Matchup to watch: Bears EDGEs vs. Lions offensive tackles. Injuries could play a big part here, as Lions starting right tackle Halapoulivaati Vaitai and Bears edge defender Robert Quinn both did not practice on Thursday. But Taylor Decker vs. Khalil Mack figures to be an entertaining matchup, as both players remain at the top of their game right now.
Advantage: Lions +1. I’m going to give this matchup the same advantage I did when the two teams met for the first time last season—and we had no idea Stafford wasn’t going to play. Largely, these teams remain similar from that time. And although the Bears were really good at stopping the deep ball last year (only 40 plays of 20+ yards allowed, t-third fewest), this Lions offense can hurt you in multiple ways.
Lions run offense (27th) vs. Bears run defense (10th)
The Lions have been trying to establish the run ever since 1999, and it appears they may have actually made some progress towards the end of last season. We’re still talking about an average-at-best unit, but the Lions also made some significant moves this offseason to take that next step.
In come D’Andre Swift and Adrian Peterson into the backfield. Detroit also attacked the offensive line, adding rookie right guard Jonah Jackson and free agent right tackle Halapoulivaati Vaitai, both maulers in the run game. Vaitai’s availability to play this week is in question, however.
We’ve played this game time and time again. On paper, everything looks like the Lions running game is due for significant improvement this year, but it’s just hard to believe until the results are out there to see. Still, with the additions they made and the growth from last season, there is at least some real hope this year.
The Bears run defense started out hot, but really trended towards average by the season’s end. It’s probably overly simplistic to place all that on one player, but the injury to Akiem Hicks almost exactly lines up with this unit’s slide after the first month of the season.
His return will be huge for the Bears, but they also lost Eddie Goldman this offseason when the nose tackle decided to opt out. His most likely replacement is Bilal Nichols, who earned just a 52.0 PFF grade last year on 12 starts.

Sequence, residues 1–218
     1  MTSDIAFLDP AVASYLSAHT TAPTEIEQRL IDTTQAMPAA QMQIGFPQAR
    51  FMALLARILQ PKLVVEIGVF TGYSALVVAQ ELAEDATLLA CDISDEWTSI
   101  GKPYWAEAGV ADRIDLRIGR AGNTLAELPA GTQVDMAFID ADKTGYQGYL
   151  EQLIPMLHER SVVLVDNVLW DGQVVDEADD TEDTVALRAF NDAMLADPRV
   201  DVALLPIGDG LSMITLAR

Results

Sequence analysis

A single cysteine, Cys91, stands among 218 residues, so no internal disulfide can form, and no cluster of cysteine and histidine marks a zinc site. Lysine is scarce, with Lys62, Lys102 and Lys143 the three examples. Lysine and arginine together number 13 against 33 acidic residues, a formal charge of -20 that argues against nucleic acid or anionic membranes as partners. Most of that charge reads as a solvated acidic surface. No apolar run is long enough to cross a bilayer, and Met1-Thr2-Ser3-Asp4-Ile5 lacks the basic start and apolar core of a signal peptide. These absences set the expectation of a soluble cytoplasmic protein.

Still, this defense seems to work pretty well with or without individual players. This front seven is stacked, and it proved to be pretty darn good even without Hicks last season. There’s a pretty good chance it survives without Goldman.
Matchup to watch: Frank Ragnow vs. Akiem Hicks. While they may not be lined up directly in front of one another, Ragnow’s job at center will be to call out protections and make sure Hicks is taken care of in the middle of that defense. Ragnow is slowly becoming one of the best centers in the league while Hicks remains one of the most underrated run stuffers.
Advantage: Bears +1. The loss of Goldman is huge, but the Lions’ run offense remains hypothetical. I can’t trust it until I see it.
Bears pass offense (21st) vs. Lions pass defense (28th)
The Bears looked at this awful chart from last year’s passing offense, and decided, “ENOUGH! We’re going to go out and get a new quarterback...
to sit on the bench.”
Mitchell Trubisky is back after beating out Nick Foles in training camp, and it’s hard to see how things will be much different from 2019. Last year, Trubisky ranked:
- 32nd in yards per attempt (6.1)
- 28th in passer rating (83.0)
- 28th in QBR (41.5)
- 18th in completion percentage (63.2)
Chicago’s solution to fixing this problem was bringing in a ton of tight ends this offseason. While, admittedly, tight ends were featured heavily in Matt Nagy’s offense back in Kansas City, I’m not sure how much to expect from a 33-year-old Jimmy Graham and second-round rookie in Cole Kmet. Training camp reports are promising, but they’re training camp reports.
The Lions pass defense was one of the worst last year, and they were especially horrible against the Chicago Bears last season. I won’t bore you with the statistical breakdown that just about every other site has beaten to death.